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From Earwin Burrfoot <ear...@gmail.com>
Subject Re: Document aware analyzers was Re: deprecating Versions
Date Wed, 01 Dec 2010 21:03:36 GMT
I agree with Robert that minimizing analysis <-> indexer interface is
the way to go.
For me, one of Lucene's problems is that it wants to do too much stuff
out of the box, and is tightly coupled, so you can't drop much of the
things you never need.

Having minimal interface for the indexer allows us to experiment with
various analysis approaches without touching core functionality at
all.
I.e. - I'd like to make analysis chain non-streaming. This will
greatly simplify much of my filters, and for my use-case likely yields
more performance.
At the same time I understand that many people can't afford keeping
their docs completely in memory while indexing.

My ideal API is unusable for them, wrapping my token buffers to look
like Document+Fieldables+TokenStreams is uuugly.

Having the lowest possible common denominator as indexer interface is
best for both parties.

On Wed, Dec 1, 2010 at 23:44, Grant Ingersoll <gsingers@apache.org> wrote:
>
> On Dec 1, 2010, at 2:40 PM, Robert Muir wrote:
>
>> On Wed, Dec 1, 2010 at 2:25 PM, Grant Ingersoll <gsingers@apache.org> wrote:
>>>
>>> Nah, I just meant analysis would often benefit from having knowledge of the document
as a whole instead of just the individual field.
>>>
>>
>> and analysis would suffer from this too, because right now these
>> things are independent and we have a fast simple reusable model.
>> I'd prefer to keep the TokenStream analysis api... but as we have
>> discussed on the list, it would be nice to minimize the interface
>> between analysis components and indexer/queryparser so you can use an
>> *alternative* API... we are working in this direction already.
>
> I think the existing TokenStream API still works, at least in my mind.
>
>>
>>>>
>>>> Maybe if you give a concrete example then I would have a better
>>>> understanding of the problem you think this might solve.
>>>
>>> Let me see if I can put some flesh on the bones.  I'm assuming the raw document
has already been parsed and that we are still basically dealing with strings and that we have
a document which contains one or more fields.
>>>
>>> If we step back and look at our analysis process, there are some things that
are easy and some things that are hard that maybe shouldn't be because even though we talk
like we are indexing and search documents, we are really indexing and searching fields and
everything is Field centric.  That works fine for the easy analysis things like tokenization,
stemming, lowercasing, etc. when all the content is in one language.  It doesn't work well
when you have multiple languages in a single document or if you want to do things like Tee/Sink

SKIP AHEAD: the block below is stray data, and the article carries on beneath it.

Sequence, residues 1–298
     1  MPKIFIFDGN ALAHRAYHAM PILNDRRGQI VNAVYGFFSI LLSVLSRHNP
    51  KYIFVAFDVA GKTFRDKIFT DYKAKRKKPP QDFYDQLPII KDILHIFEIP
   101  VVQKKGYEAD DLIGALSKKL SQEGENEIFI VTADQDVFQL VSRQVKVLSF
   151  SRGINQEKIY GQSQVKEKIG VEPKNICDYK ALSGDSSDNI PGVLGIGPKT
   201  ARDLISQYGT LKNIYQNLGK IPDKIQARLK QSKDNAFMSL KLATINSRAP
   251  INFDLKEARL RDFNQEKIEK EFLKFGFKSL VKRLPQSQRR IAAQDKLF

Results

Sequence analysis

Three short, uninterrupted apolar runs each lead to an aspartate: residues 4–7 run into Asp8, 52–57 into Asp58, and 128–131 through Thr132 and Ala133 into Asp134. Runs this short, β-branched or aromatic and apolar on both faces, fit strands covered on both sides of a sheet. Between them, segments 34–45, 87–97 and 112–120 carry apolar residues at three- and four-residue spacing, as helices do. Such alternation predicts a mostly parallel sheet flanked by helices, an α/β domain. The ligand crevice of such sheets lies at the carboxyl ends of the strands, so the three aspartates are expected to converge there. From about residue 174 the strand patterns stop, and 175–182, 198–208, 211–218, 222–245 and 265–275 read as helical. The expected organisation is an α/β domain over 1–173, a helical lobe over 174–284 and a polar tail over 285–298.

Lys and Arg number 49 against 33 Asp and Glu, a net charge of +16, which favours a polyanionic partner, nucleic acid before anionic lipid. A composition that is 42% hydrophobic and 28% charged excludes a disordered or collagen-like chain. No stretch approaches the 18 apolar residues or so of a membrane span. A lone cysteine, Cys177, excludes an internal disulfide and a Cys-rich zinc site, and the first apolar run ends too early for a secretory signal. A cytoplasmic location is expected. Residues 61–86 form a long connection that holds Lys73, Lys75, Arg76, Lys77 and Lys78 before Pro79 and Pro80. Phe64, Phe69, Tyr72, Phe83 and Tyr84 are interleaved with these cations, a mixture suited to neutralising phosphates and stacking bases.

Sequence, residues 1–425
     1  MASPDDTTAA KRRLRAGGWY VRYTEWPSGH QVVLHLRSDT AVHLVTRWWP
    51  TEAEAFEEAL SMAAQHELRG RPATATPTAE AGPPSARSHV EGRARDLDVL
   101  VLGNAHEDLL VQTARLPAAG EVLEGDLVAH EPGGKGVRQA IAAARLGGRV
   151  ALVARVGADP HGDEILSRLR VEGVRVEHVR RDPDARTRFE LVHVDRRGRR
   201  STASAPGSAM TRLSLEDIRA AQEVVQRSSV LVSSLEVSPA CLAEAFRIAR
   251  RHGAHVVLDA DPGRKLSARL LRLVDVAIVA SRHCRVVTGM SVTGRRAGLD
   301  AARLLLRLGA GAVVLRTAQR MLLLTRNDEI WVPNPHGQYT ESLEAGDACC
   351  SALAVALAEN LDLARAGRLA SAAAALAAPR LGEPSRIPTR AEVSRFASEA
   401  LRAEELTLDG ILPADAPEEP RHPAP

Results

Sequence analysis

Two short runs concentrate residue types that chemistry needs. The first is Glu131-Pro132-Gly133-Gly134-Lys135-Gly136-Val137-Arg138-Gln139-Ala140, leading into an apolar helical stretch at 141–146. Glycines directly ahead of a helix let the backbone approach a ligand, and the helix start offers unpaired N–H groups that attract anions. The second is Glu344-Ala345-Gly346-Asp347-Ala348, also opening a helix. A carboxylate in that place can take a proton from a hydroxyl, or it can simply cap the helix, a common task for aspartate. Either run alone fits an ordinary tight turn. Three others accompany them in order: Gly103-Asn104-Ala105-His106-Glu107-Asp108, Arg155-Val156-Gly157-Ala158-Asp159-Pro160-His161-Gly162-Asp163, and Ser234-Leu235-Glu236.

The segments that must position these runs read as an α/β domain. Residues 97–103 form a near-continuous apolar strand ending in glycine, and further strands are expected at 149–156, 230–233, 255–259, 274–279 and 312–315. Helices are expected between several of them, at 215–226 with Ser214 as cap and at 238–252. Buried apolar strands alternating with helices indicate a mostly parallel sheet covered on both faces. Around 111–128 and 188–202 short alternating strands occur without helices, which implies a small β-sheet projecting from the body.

or even something as simple as Solr's copy field semantics.
>>
>> Well i have trouble with a few of your examples: "want to use
>> Tee/Sink" doesn't work for me... its a description of an XY problem to
>> me... i've never needed to use it, and its rarely discussed on the
>> user list...
>
> Shrugs.  In my experiments, it can really speed things up when analyzing the same content,
but with different outcomes, or at least it did back before the new API.  My bigger point
is things like that and the PerFieldAnalyzerWrapper are symptoms of treating documents as
second class citizens.
>
>>
>> As far as working with a lot of languages, i understand this issue
>> much more... but i've never much had a desire for this, especially
>> given the fact that "Query is a document too"... I'm personally not a
>> fan of language detection,
>> and I don't think it belongs in our analysis API: like encoding
>> detection and other similar heuristics, its part of document parsing
>> to me!
>
> I didn't say it did, I just said it is an example of the types of things where we pretend
like we are document-centric, but we are actually field centric.
>
>>
>> As I said before, I think our TokenStream analysis API is already
>> quite complicated and I dont think we should make it more complicated
>> for these reasons (especially since these examples are quite vague and
>> i'm still not sure you cannot solve them easier in another way.
>
> I never said you couldn't solve them in other ways, but I always find they are kludgy.
 For instance, how many times, in a complex environment, must one tokenize the same text
over and over again just to get it in the index?
>
>>
>> If you want to use a more complicated analysis API that doesnt work
>> like TokenStreams but instead incorporates things that are document
>> parsing or whatever, i guess you should be able to do that. I'm not
>> sure Lucene should provide such an API, but we shouldn't force you to
>> use the TokenStreams API either.
>
> You keep going back to document parsing, even though I have never mentioned it.  All
I am proposing/_wanting to discuss_ is the notion that Analysis might benefit from a more
document centric view of analysis.  You're presupposing I want to change TokenStreams, etc.
when all I'm wanting to do is take a step back and discuss the bigger picture of how a user
actually does analysis in the real world and whether we can make it easier for them.  I don't
even have an implementation in mind yet.
>
> For instance, the typical copy field scenario where one has two fields containing the
same content analyzed in slightly different ways.  In many cases, most of the work is exactly
the same (tokenize, lowercase, stopword, stem or not) and yet we have to pass around the string
twice and do almost all of the same work twice all so that we can change one little thing
on the token.
>
> -Grant
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>



-- 
Kirill Zakharenko/Кирилл Захаренко (earwin@gmail.com)
Phone: +7 (495) 683-567-4
ICQ: 104465785

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